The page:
I ended Part I stating that industry had been essentially leaving the customer out of the equation, too. What I meant was that enterprise class systems like the Customer Relationship Management (CRM) Systems offered by so many companies ...
... are a significant part of the problem.
Customer Relationship Management is about companies trying to manage their prospect and customer relationships. CRM systems contribute (or, maybe I should say, reinforce) one-up/one-down information sharing in supply chains and ipso facto the Bullwhip Effect. And Michael Hinshaw makes the point that even though billions have been spent on CRM over the last 15 years ($9+ billion in 2008 alone), overall customer satisfaction has remained flat. To the right is a simpler version of CRM.
The flip-side to CRM is envisioned to be Vendor Relationship Management (VRM). VRM would provide to people – individuals who recognize their value as customers, and wish to better define the terms of their relationships – the software, tools and ability to manage their vendor relationships, as well as their interactions and experiences.
To the left is a simple picture of VRM in which a consumer is able to conveniently manage multiple vendor relationships. The critical thought leadership for VRM is found with Doc Searls and the VRM Project at Harvard's Berkman Center but VRM in the marketplace still largely remains a vision.
Picking back up from Part I on the concept of viewing food safety regulators as a kind of consumer, and mashing together VRM (from the perspective of customers) with a whole chain traceability system for supply chains (from the perspective of food safety regulators) it would more or less have to look like this:
"OK," you say, "that's a nice, neat, REALLY simple picture but isn't this already happening on Facebook? Can't the Customer, Producer, Wholesaler, Retailer, and even the Government Regulators all become Facebook friends and experience right now this mashed-together vision of VRM and whole chain traceability? And isn't this what Social CRM is all about?"
No, no and ... no.
The challenge is not one of fixing the latest privacy control issue that Facebook presents to us. Nor is the challenge fixed with an application programming interface for integrating Salesforce.com with Facebook. The challenge is in providing the software, tools and functionalities for the discovery in real-time of proprietary supply chain data that can save people's lives and, concurrently, in attracting the input of exponentially more valuable information by consumers about their personal experiences with food products (or products in general, for that matter). Supply chain VRM (SCVRM)? Whole chain VRM (WCVRM)? Traceability VRM (TVRM)? Whatever we end up calling it, we know we will be on the right track when we see a flattening out of the Bullwhip Effect, won't we?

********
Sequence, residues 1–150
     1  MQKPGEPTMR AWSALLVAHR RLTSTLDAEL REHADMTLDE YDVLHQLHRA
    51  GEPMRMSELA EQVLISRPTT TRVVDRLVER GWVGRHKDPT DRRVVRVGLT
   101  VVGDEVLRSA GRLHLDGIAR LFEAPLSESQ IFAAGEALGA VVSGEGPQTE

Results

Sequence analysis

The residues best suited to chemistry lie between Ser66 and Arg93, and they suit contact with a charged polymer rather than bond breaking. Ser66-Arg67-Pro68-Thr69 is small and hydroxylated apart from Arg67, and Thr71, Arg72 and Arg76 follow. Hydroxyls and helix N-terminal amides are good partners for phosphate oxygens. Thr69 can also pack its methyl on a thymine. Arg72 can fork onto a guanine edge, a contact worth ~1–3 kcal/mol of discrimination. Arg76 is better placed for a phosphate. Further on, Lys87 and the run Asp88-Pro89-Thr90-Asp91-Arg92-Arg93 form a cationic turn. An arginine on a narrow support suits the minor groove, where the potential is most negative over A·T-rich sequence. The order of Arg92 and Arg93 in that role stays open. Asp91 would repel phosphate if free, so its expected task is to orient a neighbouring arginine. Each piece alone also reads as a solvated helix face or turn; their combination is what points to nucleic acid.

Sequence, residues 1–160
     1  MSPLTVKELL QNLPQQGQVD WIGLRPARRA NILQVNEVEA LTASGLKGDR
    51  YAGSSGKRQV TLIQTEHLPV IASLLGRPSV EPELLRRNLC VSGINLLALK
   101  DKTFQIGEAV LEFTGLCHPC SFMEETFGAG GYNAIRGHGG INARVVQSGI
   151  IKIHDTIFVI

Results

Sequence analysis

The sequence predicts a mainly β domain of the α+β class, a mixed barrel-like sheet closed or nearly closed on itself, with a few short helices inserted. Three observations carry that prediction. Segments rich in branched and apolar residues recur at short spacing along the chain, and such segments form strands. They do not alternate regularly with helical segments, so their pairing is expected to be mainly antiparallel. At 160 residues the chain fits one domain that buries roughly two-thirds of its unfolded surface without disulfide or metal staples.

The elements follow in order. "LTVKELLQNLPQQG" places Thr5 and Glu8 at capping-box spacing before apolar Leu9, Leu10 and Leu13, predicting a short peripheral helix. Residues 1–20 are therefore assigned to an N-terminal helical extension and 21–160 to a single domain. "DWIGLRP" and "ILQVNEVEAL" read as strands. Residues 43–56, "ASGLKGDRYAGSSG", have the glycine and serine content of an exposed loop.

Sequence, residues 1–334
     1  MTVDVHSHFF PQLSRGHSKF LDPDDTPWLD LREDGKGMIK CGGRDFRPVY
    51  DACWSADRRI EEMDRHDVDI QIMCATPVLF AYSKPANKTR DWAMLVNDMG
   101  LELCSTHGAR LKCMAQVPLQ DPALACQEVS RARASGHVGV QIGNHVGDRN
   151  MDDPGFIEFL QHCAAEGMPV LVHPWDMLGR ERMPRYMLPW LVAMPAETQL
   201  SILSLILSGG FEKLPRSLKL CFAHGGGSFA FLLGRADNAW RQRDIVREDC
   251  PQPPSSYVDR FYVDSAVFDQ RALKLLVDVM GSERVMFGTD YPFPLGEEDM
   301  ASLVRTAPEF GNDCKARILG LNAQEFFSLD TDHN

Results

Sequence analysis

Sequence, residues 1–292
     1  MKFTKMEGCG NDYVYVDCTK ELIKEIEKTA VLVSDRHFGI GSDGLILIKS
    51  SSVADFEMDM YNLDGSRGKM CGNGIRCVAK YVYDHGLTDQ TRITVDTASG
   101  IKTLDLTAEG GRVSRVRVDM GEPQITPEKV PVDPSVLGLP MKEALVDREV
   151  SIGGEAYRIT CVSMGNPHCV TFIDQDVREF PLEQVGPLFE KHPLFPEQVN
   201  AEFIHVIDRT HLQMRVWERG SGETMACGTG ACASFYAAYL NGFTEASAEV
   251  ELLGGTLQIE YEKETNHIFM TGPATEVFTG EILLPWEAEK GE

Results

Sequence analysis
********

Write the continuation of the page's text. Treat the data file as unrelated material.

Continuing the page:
On the one hand, Facebook is highly relevant to this discussion because (a) it has over 500 million users, many of them businesses and government agencies, and (b) because it has helped to raise the expectations of its users regarding the availability of - and their hunger (no pun intended) for - real-time information. On the other hand, we are a long way from seeing headlines that read "Facebook immediately identifies and confirms source of salmonella contaminated peppers" or "Facebook tracks food ingredients in dioxin scare" or "Facebookers receive real-time e. coli food recall notices based on their hamburger actual purchases".* For that to happen, we need a few more ingredients added to the mix and one of them is the metadata ...
... by which each of the participants may be empowered to keep the degree of control over their data that will free it up for real-time access (and analysis) by others. Yes, it's ironic. Give more control to consumers so as to get more, better quality data from them about their experiences with food products? Makes perfect sense to Doc Searls and the VRM folks. They get that VRM is the ironic reflection of CRM.
The other ingredients? I'll finish up with those in the next - and final - journal entry. But I will say that I'll be returning to those interesting comments made by Walmart's Frank Yiannas .....
Continued in a final Part III.
* Actually, for an example of an implementation that is technically achievable right now, see my earlier blog Consortium seeks to holistically address food recalls. Substitute in "Facebook" for "Food Recall Bank".